Sydney Sweeney, Justice Smith, Ben Hardy, Natasha Liu Bordizzo
Ironically, The Voyeurs gives the impression that it’s a film made by someone who has suffered from the pernicious effects of excessive porn-watching.
Pippa and Thomas are a young, winsome couple in their late 20s: she’s a budding ophthalmologist, he’s a freelance composer specialising in commercial jingles. Soon after settling in their new, high-rise studio apartment in Montreal, they discover that their windows peer directly in an exquisitely-proportioned, unnaturally-attractive couple’s apartment ‘across the way’. Their neighbours are unknowing exhibitionists (either that, or humble objectors to the concept of curtains), and their every move is readily visible to Pippa and Thomas.
At first, Pippa and Thomas spy on their neighbours out of harmless curiosity, observing their carnal escapades (which are both plentiful and intense) with as much investment as the volatile, everyday dramas of their relationship (also plentiful and intense). When Pippa buys binoculars, their viewing parties even provide some sexual inspiration for their own, stagnating sex-life — taking the Old Testament’s ‘Love thy neighbour as thyself’ to another level. Soon, however, sexual fantasy takes hold of Pippa, and what began as a harmless hobby turns into something of a ruinous obsession — maybe, wethinks, this will be an allegory for porn? How clever, wethinks, how clever indeed.
We soon find out that the man from across the way is quite the philanderer, one who unfailingly seduces his models (oh yes, he’s a top-notch photographer who works from his living room and exclusively with shirtless women) into sleeping with him after every shoot — scenes to which, it must be said, the filmmaker dedicates more time (and we mean time, not care) than any others. Now, just as monsters don’t necessarily make a film scary, and an abundance of jokes don’t ensure a film’s comedic merits, nor does an indulgence in drawn-out, subtlety-free sex scenes make a film sexy — that’s when we’re getting into smutty territory.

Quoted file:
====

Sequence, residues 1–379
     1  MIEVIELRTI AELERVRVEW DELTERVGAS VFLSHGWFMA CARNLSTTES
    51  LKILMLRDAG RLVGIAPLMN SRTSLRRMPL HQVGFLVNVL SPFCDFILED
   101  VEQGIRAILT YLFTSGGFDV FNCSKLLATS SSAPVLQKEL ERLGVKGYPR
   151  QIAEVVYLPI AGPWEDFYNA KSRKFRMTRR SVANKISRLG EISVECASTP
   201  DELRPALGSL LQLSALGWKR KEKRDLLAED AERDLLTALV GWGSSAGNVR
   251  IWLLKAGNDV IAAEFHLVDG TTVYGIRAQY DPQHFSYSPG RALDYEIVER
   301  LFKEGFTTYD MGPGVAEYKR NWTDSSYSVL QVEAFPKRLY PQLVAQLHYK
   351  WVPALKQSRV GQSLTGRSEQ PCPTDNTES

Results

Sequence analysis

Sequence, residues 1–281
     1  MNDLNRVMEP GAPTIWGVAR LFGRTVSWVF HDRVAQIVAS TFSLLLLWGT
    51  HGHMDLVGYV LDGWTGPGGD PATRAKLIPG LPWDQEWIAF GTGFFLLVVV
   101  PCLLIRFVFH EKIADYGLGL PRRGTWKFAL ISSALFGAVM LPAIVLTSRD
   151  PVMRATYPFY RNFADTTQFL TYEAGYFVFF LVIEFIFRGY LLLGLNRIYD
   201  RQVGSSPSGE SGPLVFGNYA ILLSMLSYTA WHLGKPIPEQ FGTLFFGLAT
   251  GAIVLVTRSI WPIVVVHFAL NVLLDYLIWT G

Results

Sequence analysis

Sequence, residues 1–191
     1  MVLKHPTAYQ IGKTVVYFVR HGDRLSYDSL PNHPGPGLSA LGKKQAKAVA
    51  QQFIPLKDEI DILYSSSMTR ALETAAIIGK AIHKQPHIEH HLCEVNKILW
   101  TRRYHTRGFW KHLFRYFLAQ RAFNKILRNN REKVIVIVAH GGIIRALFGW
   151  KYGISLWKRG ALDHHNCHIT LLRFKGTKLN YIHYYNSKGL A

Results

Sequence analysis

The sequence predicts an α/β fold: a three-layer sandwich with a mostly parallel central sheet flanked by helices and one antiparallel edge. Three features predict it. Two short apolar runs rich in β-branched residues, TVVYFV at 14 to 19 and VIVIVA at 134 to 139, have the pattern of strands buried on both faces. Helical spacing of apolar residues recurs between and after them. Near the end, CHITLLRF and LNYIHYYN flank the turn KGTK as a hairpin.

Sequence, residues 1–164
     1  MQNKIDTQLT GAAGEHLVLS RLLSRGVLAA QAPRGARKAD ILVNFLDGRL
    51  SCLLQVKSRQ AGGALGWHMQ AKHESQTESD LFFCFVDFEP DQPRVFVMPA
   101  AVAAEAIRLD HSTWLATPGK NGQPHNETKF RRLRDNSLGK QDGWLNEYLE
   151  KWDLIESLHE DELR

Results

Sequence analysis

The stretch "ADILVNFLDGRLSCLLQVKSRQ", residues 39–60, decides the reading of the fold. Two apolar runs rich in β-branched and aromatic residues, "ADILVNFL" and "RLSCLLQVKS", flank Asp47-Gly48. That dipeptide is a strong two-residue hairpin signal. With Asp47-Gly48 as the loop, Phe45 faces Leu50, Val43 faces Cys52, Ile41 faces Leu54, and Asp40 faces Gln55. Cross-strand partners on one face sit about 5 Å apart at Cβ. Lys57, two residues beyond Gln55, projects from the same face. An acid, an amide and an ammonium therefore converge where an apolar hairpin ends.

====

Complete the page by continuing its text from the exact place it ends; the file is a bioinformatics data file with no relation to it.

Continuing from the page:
Here, we’re reminded of the Seinfeld episode wherein Jerry visits a Catholic priest so as to dob on his dentist, Dr Whatley, who having only just converted to Judaism is already making Jewish jokes: ‘and this offends you as a Jew?’ asks the priest with genuine concern; ‘no, this offends me as a comedian!’ responds Jerry — and cue the canned laughs… In the case of The Voyeurs, we didn’t find the abundance of artless sex-scenes offensive on a moral level, but more-so as a humble practitioner/enthusiast/critic of film.
Ironically, The Voyeurs gives the impression that it’s a film made by someone who has suffered from the pernicious effects of excessive porn-watching. Besides the innumerable plot-holes, shallow characters, laughable backstories and (at times) horrid acting, the narrative progresses rapidly, in what at first seems a thrilling, no-bullshit pace, but reaches its climax prematurely and with little control; so that the last act resembles a teenage boy frantically cleaning up his gluey mess before his mum comes home.